Turkey, Hungary put Finland on course to join NATO
A simultaneous decision by fellow holdout Hungary to schedule a Finnish ratification vote for March 27 means the US-led defence alliance will likely grow to 31 nations within a few months.
NATO's expansion into a country with a 1,340-kilometre (830-mile) border with Russia will roughly double the length of the bloc's current frontier with its Cold War-era foe.
Finland had initially aimed to join together with fellow NATO aspirant Sweden - a Nordic power facing a litany of disputes with Turkey that ultimately sunk its chance to join the bloc before an alliance summit in 'July.
Helsinki and Stockholm ended decades of military non-alignment and decided to join the world's most powerful defence alliance in the wake of Russia's invasion of Ukraine.
Their applications were accepted at a June NATO summit that signalled the Western world's desire to stand up to Russia in the face of Europe's gravest conflict since World War II.
But the bids still needed to be ratified by all 30 of the alliance members' parliaments - a process that got hung up once it reached Turkey and Hungary.
Friday's breakthrough followed months of tense negotiations between Ankara and the Nordic neighbours that threatened to collapse several times.
Erdogan told Finnish President Sauli Niinisto that Helsinki had shown a strong commitment to addressing Ankara's security concerns.
"We decided to start the protocol of Finland's accession to NATO in our parliament," Erdogan told reporters after the talks.
Erdogan added that he "hoped" that parliament will approve the application before Turkey's crucial general election in May.
The Turkish parliament is expected to end its current session in mid-April.
NATO Secretary General Jens Stoltenberg welcomed Turkey's decision while stressing the importance of Sweden also joining "as soon as possible".
"The most important thing is that both Finland and Sweden become full members of NATO quickly, not whether they join at exactly the same time," Stoltenberg said.
The White House echoed the NATO chief's position. National Security Advisor Jake Sullivan said the United States urged Hungary to conclude its ratification process both for Sweden and Finland "without delay".
And France's foreign ministry called Turkey's announcement about Finland "an important signal" while reiterating support for Sweden's bid as well.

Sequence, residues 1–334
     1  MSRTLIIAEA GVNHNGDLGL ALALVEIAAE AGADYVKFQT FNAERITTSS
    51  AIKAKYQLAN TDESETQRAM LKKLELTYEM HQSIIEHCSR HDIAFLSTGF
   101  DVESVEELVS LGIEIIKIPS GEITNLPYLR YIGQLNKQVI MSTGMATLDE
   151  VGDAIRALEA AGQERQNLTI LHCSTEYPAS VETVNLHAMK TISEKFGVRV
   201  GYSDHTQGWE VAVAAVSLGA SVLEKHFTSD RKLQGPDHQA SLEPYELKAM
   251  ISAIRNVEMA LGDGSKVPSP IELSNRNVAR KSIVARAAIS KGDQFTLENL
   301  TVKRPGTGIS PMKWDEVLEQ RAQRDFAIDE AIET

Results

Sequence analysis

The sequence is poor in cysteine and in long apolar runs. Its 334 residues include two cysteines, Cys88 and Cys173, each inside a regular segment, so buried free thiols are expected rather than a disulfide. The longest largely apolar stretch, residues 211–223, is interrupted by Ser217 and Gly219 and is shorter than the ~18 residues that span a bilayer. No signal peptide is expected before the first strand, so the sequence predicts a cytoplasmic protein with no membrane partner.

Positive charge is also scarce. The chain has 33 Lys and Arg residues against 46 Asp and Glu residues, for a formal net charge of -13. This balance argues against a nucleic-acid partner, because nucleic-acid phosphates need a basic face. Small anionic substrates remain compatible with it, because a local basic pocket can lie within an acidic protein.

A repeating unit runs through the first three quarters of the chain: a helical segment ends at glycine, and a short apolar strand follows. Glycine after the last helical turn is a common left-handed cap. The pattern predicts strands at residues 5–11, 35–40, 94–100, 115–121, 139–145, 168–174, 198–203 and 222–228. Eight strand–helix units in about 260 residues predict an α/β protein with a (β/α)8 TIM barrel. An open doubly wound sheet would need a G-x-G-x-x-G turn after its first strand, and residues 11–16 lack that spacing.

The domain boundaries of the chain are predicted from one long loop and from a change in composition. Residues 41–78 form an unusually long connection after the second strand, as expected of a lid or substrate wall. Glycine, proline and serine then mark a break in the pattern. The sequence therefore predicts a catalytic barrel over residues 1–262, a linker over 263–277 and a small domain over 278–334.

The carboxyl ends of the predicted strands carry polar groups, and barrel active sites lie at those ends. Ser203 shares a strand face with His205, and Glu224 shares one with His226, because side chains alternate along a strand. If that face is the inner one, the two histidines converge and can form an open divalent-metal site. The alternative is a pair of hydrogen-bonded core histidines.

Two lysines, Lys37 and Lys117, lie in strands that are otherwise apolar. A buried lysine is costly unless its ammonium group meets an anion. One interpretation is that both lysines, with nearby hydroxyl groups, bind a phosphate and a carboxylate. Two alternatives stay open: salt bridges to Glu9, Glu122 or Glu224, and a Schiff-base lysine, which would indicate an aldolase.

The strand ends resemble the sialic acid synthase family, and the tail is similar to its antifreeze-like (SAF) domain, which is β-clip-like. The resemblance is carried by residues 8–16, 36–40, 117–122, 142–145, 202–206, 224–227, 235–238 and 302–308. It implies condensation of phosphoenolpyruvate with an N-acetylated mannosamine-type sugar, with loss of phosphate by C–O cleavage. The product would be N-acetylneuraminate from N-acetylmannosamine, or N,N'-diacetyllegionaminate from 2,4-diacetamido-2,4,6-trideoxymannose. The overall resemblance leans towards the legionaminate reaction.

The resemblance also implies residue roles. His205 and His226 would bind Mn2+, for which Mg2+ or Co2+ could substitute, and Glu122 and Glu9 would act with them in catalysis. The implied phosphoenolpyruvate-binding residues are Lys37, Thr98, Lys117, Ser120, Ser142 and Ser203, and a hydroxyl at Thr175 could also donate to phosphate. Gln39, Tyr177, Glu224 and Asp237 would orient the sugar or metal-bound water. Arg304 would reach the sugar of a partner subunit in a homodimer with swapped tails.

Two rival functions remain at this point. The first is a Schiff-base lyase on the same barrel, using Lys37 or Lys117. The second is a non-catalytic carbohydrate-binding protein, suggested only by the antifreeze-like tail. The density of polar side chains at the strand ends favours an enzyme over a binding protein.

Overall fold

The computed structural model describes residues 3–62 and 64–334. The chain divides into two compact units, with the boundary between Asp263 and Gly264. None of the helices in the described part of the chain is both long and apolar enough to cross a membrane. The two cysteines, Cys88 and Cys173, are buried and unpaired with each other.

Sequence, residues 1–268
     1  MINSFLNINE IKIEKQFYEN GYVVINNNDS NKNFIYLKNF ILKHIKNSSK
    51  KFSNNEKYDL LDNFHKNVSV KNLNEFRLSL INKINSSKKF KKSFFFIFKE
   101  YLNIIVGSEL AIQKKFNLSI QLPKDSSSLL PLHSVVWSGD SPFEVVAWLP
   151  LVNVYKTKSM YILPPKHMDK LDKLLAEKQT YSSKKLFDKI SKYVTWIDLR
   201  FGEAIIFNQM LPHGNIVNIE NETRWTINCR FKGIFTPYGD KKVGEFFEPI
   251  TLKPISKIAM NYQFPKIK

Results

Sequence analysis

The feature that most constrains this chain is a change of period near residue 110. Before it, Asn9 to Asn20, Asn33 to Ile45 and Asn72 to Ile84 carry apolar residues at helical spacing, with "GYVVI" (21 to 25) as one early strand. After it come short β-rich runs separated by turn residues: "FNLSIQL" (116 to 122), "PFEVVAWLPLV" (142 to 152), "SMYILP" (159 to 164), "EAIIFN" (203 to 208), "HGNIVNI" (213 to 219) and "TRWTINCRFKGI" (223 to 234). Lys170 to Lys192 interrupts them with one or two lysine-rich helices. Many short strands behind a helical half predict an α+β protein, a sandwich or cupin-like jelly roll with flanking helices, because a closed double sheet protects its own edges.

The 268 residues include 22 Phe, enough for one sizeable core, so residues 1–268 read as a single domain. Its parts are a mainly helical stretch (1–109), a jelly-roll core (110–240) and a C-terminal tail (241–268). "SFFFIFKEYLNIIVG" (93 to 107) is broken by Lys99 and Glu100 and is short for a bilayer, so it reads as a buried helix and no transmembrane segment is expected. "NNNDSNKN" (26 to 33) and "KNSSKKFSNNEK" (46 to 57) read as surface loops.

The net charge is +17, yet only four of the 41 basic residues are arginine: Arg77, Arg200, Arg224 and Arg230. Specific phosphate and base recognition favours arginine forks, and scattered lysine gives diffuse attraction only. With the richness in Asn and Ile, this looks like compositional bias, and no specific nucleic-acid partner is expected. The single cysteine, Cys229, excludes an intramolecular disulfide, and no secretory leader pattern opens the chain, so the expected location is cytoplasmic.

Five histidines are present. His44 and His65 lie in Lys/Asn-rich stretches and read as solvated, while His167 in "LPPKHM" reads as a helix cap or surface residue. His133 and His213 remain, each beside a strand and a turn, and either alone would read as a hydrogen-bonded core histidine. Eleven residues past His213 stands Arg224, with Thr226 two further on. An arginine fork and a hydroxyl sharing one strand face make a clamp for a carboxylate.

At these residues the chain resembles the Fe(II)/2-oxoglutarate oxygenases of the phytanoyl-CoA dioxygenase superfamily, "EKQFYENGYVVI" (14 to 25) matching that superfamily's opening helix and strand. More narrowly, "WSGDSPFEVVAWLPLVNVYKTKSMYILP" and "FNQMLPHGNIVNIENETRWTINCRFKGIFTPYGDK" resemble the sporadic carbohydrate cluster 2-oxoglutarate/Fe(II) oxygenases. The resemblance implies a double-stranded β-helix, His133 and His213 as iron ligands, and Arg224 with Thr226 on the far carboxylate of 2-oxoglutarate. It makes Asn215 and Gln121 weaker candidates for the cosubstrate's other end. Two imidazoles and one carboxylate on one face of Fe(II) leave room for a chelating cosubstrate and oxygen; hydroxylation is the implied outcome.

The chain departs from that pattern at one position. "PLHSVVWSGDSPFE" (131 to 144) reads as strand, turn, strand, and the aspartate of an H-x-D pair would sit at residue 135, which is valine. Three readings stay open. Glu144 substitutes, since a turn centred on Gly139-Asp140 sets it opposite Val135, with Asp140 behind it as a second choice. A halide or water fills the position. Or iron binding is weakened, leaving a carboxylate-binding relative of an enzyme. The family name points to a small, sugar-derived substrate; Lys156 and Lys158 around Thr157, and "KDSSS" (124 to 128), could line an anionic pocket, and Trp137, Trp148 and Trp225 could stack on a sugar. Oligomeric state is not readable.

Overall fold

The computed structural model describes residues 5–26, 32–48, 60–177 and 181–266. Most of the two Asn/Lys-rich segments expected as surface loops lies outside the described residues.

Erdogan had accused the Nordic neighbours of breaking the terms of a separate deal they reached in June 2022 under which Turkey agreed to approve the bids.
Turkey has sought the extradition of dozens of Kurdish and other suspects it accuses of ties to outlawed militants and a failed 2016 coup attempt.
Erdogan's demands became more urgent as he neared a May election in which he will need a strong turnout from nationalist supporters to extend his two-decade rule.
"The Biden administration now faces an increasingly difficult dilemma as the White House works to convince Turkey to support Sweden and Finland's entry into NATO."— The New Arab (@The_NewArab) February 13, 2023
Examining the international consequences of Rasmus Paludan's Quran burning in Sweden https://t.co/mGyT8q96iM
The Turkish leader voiced particular displeasure with Sweden - a country with a larger Kurdish diaspora and a longer history of disputes with Ankara.
Finland and Sweden had initially resisted the idea of breaking up their bids.
But Swedish Prime Minister Ulf Kristersson - who made NATO membership a priority after assuming office in October - acknowledged on Tuesday that the likelihood of Finland joining the bloc on its own had "increased".
The Finnish president called Erdogan's decision Friday "very important for the whole of Finland".
But he added: "Finland's application is not complete without Sweden."
Sweden expressed disappointment at being excluded from this round of NATO expansion.
"This is a development that we did not want, but that we were prepared for," Foreign Minister Tobias Billstrom told reporters in Stockholm.
The talks in Ankara put more pressure on Hungary's parliament to end its own ratification delays.
Hungarian Prime Minister Viktor Orban enjoys a close relationship with Russian President Vladimir Putin and has numerous disputes with both NATO and the European Union.
The Hungarian parliament began debating the two NATO bids at the beginning of the month.
But the vote's timing was complicated by a separate dispute Budapest had with Brussels over blocked EU funding and Hungary's commitment to the rule of law and fighting corruption.
Hungarian government spokesman Zoltan Kovacs said Orban's ruling Fidesz party "supports Finland's NATO accession".
"The parliamentary vote will take place on March 27," Kovacs said in a Twitter message.
Orban's parliamentary group leader Mate Kocsis said Fidesz "will decide on the case of Sweden later".